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- Ask your students, do you think journalists ever make mistakes? Discuss why this might happen.
- Ask your students if they are familiar with the First Amendment? Discuss how it allows news media to publish mistakes.
- Explain that the freedom of press is central to the lesson. Ask them what the freedom of the press means.
- Debate whether or not the freedom of the press requires the press to be accurate. (No.)
- Pass out When the News Media Make Mistakes worksheet and give students access to news media or the Internet. Students can work individually or in small groups.
- Tell students to look for three examples of media corrections and then answer the questions for each example on the worksheet.
- Discuss how the corrections were presented? Were they easy to locate?
- Pass out the Accuracy Checklist. Tell them they can use this checklist when doing their own research or assignments. Do your students think reporters/editors should use a checklist to reduce errors? Are there other things they would add to the checklist? How can mistakes still happen?
- Use the checklist to determine if it could have stopped the mistakes students found. (For example, if a story had the wrong state for a city, could the reporter have checked a map?)
- When the News Media Make Mistakes worksheet (download), one per student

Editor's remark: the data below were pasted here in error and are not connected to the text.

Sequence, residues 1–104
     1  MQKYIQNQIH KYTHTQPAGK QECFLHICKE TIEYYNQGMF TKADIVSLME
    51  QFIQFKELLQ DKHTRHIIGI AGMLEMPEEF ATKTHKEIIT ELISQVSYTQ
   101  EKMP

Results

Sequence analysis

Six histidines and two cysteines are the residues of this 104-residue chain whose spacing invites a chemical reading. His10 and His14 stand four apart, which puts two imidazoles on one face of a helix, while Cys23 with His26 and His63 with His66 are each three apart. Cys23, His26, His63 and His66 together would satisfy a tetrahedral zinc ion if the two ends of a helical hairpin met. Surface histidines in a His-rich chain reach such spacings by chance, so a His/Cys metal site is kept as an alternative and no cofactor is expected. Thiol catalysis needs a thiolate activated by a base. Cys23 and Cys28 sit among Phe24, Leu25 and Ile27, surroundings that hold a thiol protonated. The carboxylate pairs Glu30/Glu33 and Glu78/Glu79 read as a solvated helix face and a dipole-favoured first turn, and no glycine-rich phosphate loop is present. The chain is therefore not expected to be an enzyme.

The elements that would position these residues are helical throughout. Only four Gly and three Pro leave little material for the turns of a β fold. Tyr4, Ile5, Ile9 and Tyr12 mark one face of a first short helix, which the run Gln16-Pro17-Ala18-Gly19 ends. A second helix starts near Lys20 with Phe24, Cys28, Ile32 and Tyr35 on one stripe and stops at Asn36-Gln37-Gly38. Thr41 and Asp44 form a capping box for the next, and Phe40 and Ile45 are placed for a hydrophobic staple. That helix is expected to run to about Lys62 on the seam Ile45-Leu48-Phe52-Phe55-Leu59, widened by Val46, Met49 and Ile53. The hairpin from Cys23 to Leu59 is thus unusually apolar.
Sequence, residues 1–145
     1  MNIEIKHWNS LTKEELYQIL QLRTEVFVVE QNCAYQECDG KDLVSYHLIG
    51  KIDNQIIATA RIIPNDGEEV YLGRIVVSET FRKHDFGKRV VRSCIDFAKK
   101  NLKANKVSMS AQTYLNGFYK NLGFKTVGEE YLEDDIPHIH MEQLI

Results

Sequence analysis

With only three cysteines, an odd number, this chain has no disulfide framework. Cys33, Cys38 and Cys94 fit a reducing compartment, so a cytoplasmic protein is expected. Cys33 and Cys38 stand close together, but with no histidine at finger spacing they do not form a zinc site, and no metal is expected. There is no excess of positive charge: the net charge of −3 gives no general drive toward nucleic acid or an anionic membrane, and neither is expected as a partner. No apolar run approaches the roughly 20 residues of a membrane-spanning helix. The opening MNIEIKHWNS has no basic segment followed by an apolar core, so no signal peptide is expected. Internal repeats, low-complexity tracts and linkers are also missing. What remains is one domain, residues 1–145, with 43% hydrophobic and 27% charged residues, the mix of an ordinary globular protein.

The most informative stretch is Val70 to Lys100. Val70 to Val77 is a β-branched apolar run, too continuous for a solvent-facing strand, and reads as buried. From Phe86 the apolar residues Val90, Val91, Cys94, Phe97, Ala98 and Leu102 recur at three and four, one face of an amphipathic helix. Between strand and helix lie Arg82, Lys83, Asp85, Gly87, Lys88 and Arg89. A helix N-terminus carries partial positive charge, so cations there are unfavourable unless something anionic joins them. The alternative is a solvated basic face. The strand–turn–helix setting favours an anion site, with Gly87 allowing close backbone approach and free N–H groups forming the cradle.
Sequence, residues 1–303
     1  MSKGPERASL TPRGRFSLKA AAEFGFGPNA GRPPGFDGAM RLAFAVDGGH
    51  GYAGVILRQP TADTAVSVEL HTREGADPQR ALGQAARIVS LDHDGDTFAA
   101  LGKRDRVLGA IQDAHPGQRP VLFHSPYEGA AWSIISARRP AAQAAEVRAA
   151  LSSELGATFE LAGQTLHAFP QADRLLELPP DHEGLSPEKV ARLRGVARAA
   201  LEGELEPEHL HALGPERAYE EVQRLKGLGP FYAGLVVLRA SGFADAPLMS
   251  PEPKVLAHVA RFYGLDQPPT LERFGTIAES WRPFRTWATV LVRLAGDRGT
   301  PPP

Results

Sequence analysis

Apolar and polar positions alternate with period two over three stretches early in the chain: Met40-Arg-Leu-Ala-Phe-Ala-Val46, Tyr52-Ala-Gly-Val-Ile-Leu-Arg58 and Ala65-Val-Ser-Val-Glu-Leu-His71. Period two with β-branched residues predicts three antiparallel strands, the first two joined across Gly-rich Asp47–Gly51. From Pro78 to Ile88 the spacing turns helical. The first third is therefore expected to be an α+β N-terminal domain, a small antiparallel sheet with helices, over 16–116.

- Accuracy Checklist worksheet (download), one per student
- Newspapers, magazines or internet access , one per student
- Do you think most errors are publicly corrected? Why or why not?
- What problems could occur if a news organization frequently publishes mistakes?
- Discuss with the class how they would publish corrections if they were an editor.
- What will they look like?
- Where/when will they be published?
- Will mistakes be treated equally?
- Will you give the name of the reporter/editor who made the mistake?
- Will you repeat the misinformation with the corrected information?
- Will you notify people directly affected by the error?
Common Core State Standards: CCSS.ELA-LITERACY.CCRA.R.1Read closely to determine what the text says explicitly and to make logical inferences from it; cite specific textual evidence when writing or speaking to support conclusions drawn from the text.
ISTE: 3b. Knowledge ConstructorStudents evaluate the accuracy, perspective, credibility and relevance of information, media, data or other resources.
National Center for History in the Schools: NCHS.US History.Era 10Standard 1: Recent developments in foreign policy and domestic politics Standard 2: Economic, social, and cultural developments in contemporary United States
National Council of Teachers of English: NCTE.1Students read a wide range of print and non-print texts to build an understanding of texts, of themselves, and of the cultures of the United States and the world; to acquire new information; to respond to the needs and demands of society and the workplace; and for personal fulfillment. Among these texts are fiction and nonfiction, classic and contemporary works.